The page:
Let us say your recommendation would be to accomplish a specific goal. You may choose different avenues to achieve this. One avenue would be to write a very specific recommendation that the NBOD change national policies and specifically state what sections of policies are to be changed and how. A less specific way to approach the issue would be to have the recommendation ask the NBOD to accomplish the goal by changing polices or procedures as they see appropriate. There will also be times when a clear problem or goal is appropriate for a recommendation but a clear solution is not evident. An appropriate recommendation might be to suggest the formation of a workgroup to investigate the issue and make their own recommendation on how to meet the goal of the recommendation. Each approach has its advantages and disadvantages. A very specific recommendation might be needed if you have a very specific goal in mind. However, a better solution to the problem might be presented in debate at the House of Delegates meeting. In this case the recommendation might fail because the specific solutions presented in the recommendation are not the best way to handle the problem, even though the problem clearly needs to be addressed by the NBOD. You only get one shot each year, make it count.

Is your recommendation well crafted?

Sometimes English can be a frustrating language. Words do have an exact meaning, and are subject to the rules of grammar. The document that you submit to the House of Delegates becomes a part of our organization’s public record. Individuals outside of our organization may have access to those documents; they should be well written and properly formatted. Beyond the potential for embarrassment, the tragedy of a good idea being rejected because it is poorly presented is completely avoidable with a little groundwork up front.

Remember that recommendations are considered and debated as presented. You will not have the opportunity to explain what you really meant to say. Once presented, recommendations cannot be amended. Use the spell checker and grammar check on your computer. Before you begin the process of gaining your chapter’s consideration of the recommendation, have disinterested third parties read and comment on your draft.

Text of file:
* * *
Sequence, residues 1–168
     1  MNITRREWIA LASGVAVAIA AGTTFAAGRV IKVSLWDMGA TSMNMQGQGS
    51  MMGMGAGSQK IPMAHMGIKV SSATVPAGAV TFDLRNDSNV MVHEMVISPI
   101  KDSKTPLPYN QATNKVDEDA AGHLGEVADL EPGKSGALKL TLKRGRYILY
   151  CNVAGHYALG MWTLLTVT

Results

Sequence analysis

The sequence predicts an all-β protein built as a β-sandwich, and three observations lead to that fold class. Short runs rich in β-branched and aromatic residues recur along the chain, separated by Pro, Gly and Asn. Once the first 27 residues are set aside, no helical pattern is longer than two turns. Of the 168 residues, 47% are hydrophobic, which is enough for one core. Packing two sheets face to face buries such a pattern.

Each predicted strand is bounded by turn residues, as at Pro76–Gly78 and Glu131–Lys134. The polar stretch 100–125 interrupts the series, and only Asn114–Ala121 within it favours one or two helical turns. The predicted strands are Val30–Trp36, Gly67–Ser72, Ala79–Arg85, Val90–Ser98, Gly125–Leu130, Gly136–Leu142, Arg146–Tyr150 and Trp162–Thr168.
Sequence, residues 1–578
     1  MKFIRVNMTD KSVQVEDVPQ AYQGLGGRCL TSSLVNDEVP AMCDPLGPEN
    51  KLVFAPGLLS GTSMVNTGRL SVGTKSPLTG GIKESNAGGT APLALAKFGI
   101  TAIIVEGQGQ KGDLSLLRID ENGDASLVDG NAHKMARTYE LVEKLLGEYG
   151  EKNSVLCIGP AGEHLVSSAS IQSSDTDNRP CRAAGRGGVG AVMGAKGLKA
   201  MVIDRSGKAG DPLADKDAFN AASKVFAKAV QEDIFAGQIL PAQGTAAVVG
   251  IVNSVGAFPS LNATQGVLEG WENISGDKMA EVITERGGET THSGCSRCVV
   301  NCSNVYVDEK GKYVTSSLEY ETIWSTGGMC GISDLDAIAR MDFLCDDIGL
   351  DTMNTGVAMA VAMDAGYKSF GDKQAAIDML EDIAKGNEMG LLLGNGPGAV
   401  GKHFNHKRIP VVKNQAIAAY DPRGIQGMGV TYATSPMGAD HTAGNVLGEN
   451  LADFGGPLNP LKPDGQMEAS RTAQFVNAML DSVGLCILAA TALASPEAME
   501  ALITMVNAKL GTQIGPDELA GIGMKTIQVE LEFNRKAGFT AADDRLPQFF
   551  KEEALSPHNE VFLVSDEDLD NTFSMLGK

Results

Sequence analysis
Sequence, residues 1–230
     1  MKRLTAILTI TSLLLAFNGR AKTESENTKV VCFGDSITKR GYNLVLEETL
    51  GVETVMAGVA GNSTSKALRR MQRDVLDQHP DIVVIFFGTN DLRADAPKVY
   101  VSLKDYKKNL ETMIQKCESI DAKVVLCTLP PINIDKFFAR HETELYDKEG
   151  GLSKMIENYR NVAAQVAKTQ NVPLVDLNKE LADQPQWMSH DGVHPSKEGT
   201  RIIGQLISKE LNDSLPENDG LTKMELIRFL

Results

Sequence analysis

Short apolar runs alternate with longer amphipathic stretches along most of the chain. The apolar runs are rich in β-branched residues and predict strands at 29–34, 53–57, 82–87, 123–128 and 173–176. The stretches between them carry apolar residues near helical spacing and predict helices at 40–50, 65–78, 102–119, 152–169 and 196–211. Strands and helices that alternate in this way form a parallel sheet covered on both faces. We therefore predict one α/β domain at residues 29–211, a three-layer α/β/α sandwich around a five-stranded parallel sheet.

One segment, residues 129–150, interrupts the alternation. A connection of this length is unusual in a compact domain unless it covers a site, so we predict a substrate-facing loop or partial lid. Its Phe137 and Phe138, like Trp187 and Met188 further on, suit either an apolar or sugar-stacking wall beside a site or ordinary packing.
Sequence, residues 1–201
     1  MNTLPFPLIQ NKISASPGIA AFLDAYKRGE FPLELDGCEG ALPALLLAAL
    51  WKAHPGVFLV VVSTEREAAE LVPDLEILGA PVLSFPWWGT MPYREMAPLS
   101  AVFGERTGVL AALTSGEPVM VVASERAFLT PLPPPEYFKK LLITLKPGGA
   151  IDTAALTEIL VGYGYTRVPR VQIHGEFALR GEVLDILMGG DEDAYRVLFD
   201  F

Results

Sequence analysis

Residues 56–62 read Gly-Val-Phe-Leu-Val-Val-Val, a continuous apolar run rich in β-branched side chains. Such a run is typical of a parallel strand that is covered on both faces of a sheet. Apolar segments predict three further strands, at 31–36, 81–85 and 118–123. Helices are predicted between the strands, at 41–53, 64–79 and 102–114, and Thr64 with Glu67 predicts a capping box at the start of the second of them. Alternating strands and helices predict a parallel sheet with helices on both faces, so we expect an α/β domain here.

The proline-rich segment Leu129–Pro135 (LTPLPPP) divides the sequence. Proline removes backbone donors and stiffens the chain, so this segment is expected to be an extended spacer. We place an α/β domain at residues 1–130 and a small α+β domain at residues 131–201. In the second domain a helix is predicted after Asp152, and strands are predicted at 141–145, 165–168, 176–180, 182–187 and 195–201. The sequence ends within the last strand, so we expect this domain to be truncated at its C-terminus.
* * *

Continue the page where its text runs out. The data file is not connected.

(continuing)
Recommendations that include good ideas but are written negatively are usually defeated on the basis of the way they are written regardless of the intent of the recommendation. Remember we are a professional association and present your ideas in a clear way with supporting facts rather than emotions.

Is your recommendation feasible?

On the surface it may seem like a good idea to raise the bar and require that members hold a Master of Science degree in Nursing, Health Care, or Wellness. However, to actually adopt such a standard would reduce the number of therapists eligible for membership to a point where the organization would no longer be viable. A well-intentioned idea can, in practice, be impossible to implement. Look at the costs and practicality of your recommendation before submission. Look at the ultimate goal of your intention and try to suggest the most efficient and practical way of reaching that goal.

Does your recommendation deal with the practice of massage?

We are the American Massage Therapy Association. Avoid recommendations that take a political, social, or religious position; or deal with any issue not related directly to massage therapy, or the policies and practices of our association. 

How do you write a recommendation?

First, the definition of a recommendation is a suggestion or suggestions that something need(s) to be done or considered for change, clarification or improvement of our organization. A recommendation should be written in a specific format. There are two sections to a recommendation.

The first paragraph(s) begins with "Whereas." The definition of whereas is "it being the case that." So the paragraphs would give a general view of the issue. The following paragraphs would begin with whereas and would include statements of fact that would indicate the need for action to be taken on the recommendation and support for the conclusions of the recommendation. This portion is where you formally state your case for the recommendation.

The next paragraph begins with the statement, "Therefore, be it resolved that the House of Delegates recommends to the National Board of Directors that...." This is the portion where the actual recommendation or action requested by the document is stated. Remember to be clear in stating your goals. If you see a clear solution or direction for the organization to follow, then state clearly your specific recommendation(s).

When writing a Bylaw Amendment Recommendation be sure to include the old policy with strikethrough and then include the new policy in bold.


We hope this document helps you in preparing and submitting recommendations to the House of Delegates. These recommendations are a vital form of member input to the association and have resulted in many favorable changes and improvements of our association. We look forward to receiving your input through recommendations to the House of Delegates and also for suggestions on how to improve this guide. If you have any suggestions, see any member of the House of Delegates Operations Committee.